Mako wakes to the sound of the phone near his side of the bed. When he picks up he hears the whimpers of Abroon, his eldest son, speaking in an intoxicated combination of English and Somali. Before Mako even opens his eyes his feet are already in his sandals.
“Where are you?” he asks his son, though he already knows it will be the name of a NYPD station where one of the nice guards waits by the door after dialing Abroon’s home number from his thick file. Abroon names his location and begins to cry again. When Mako took his first steps in America and imagined the life his first son would have, it did not involve a gambling ring in fifth grade or a drug ring in seventh, the late night after late night when Abroon returns to his bedroom soaked in substances forbidden by his father’s religion.
“There’s more, Aabbo,” Abroon says as Mako reaches the garage. As soon as Mako hears the word father he knows something is wrong. “Saad is here too.” Mako hangs up and runs to his youngest son’s bedroom, but Saad is gone and the sheets contain nothing but a few open textbooks and the start of a chemistry lab worksheet. Then he gets in the BMW, revs the engine, and takes off down the street toward the city.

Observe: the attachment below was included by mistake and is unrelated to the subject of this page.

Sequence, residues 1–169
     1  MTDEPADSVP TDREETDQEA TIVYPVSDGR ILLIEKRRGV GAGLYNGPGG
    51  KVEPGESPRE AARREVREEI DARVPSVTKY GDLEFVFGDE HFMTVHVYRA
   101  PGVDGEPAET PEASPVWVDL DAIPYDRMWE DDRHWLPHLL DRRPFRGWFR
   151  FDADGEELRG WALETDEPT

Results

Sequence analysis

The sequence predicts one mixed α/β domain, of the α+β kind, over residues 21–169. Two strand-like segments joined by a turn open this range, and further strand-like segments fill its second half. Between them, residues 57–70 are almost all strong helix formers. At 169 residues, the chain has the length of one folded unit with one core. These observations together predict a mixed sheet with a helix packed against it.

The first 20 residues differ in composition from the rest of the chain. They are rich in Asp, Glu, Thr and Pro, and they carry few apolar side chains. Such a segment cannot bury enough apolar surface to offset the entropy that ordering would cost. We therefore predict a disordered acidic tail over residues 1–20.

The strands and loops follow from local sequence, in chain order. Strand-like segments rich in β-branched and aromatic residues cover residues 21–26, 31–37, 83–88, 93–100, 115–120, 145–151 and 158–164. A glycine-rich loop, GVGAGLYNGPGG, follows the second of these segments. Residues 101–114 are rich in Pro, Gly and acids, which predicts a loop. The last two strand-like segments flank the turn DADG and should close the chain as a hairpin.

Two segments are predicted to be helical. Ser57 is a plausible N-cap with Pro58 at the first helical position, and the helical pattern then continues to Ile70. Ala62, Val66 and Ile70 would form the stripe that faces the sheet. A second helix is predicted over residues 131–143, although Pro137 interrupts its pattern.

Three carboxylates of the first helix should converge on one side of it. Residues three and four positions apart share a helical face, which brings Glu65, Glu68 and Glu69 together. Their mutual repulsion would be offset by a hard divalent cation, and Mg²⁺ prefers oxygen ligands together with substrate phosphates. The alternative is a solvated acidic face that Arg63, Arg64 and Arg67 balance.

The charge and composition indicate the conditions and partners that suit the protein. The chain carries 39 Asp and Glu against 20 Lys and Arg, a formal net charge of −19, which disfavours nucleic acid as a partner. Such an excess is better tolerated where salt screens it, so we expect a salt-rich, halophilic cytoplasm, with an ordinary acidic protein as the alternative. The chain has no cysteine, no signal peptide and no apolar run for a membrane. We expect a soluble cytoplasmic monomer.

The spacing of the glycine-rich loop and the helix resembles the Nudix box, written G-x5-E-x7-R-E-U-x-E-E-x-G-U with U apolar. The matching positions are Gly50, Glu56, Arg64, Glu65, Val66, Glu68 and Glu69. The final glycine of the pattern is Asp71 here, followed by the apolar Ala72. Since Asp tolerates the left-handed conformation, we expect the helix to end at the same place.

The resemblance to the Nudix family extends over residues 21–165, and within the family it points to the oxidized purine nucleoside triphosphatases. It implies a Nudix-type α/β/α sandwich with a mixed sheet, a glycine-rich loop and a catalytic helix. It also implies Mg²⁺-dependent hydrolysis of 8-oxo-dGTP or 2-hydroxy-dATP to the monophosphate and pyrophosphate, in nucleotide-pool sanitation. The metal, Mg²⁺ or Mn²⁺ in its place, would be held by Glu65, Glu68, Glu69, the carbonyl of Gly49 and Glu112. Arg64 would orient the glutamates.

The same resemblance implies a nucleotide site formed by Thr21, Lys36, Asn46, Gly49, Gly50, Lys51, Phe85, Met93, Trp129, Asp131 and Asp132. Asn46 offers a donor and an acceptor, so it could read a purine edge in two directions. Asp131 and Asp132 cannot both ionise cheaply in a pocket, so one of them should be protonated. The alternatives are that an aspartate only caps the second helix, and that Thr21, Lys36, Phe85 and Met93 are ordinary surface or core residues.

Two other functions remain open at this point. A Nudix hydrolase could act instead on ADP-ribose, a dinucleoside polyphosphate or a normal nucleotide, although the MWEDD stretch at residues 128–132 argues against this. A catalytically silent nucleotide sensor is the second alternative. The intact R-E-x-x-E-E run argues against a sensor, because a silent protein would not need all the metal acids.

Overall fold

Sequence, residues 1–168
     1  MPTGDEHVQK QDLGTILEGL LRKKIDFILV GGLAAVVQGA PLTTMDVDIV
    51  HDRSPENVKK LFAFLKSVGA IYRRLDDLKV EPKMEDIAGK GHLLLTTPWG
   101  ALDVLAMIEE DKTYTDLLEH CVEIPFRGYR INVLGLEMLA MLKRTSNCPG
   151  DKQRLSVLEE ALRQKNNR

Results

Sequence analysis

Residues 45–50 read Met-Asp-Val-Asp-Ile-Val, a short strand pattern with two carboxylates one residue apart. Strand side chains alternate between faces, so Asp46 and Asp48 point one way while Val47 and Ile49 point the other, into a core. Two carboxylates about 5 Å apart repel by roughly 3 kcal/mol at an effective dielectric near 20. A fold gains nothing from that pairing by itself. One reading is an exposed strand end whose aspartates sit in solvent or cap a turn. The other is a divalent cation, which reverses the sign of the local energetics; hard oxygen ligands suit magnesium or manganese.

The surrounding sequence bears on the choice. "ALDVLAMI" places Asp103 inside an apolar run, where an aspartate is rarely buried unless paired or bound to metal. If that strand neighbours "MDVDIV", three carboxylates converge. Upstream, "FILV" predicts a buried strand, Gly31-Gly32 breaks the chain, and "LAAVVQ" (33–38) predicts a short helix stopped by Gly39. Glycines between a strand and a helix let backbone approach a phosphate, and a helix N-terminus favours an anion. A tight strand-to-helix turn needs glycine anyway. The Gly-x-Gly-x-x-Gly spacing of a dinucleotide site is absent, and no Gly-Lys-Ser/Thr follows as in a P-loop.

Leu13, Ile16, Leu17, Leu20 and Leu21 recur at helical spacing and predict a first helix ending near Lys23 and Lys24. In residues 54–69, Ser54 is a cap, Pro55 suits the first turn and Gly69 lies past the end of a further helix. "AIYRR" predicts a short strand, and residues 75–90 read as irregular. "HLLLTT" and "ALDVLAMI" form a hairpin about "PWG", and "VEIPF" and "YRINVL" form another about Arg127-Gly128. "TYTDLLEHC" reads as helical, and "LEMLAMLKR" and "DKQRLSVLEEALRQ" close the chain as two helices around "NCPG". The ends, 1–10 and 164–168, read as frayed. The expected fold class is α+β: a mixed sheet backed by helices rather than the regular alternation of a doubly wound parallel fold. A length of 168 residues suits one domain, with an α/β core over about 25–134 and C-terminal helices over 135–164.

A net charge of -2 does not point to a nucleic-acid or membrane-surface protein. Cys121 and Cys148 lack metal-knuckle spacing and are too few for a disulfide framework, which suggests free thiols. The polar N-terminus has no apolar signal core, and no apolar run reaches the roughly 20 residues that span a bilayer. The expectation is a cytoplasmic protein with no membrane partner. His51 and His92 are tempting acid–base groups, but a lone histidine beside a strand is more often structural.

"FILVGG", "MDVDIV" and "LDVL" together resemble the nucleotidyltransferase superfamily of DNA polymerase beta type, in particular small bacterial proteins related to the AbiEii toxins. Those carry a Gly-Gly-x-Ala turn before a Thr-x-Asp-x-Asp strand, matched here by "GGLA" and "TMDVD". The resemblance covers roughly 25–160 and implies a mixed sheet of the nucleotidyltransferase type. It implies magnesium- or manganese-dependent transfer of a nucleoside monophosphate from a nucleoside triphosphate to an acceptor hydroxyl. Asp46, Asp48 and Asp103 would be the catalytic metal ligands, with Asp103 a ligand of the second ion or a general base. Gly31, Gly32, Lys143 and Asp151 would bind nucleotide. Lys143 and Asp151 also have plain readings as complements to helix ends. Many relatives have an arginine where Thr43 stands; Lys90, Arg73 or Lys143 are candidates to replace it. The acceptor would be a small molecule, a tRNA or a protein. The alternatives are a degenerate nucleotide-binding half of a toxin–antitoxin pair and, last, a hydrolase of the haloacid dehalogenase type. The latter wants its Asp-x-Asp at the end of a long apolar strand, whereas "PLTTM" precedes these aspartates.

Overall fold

As he drives down the abandoned streets at 4:00 AM, Mako vows that this is the last time he will let his wastrel of a son back into his house. He has worked for over thirty years to give his sons better lives than the one he has had, practiced law despite hating it since the first day he stepped inside of a suit, forgone any luxury so that Saab and Abroon could go to soccer camps and violin lessons and later college; yet instead of using any of it for good, his firstborn wastes his money and time on sins. And now he has dragged Saad down with him into the den, which is the least forgivable sin of all. Like a diseased limb, Abroon must be cut off before he infects them all; even now, as Mako drives, he can feel the fever of memory invading his spine and brain, and Abroon is the human agent in which the disease has traveled. Mako’s hands shake against the steering wheel as he rehearses his final speech, as he plans what he will tell his wife when she wakes to find their son’s room empty, and the tap tap tap reminds him of the clap of little hands as he walked through Somalia’s hundred degree heat. The clap that imitated the rain he promised them on the other side of the ocean, dropped from the white fingers of the Water Queen onto her loyal subjects.
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Literary Fiction, Noir, Pulp Fiction, Short Stories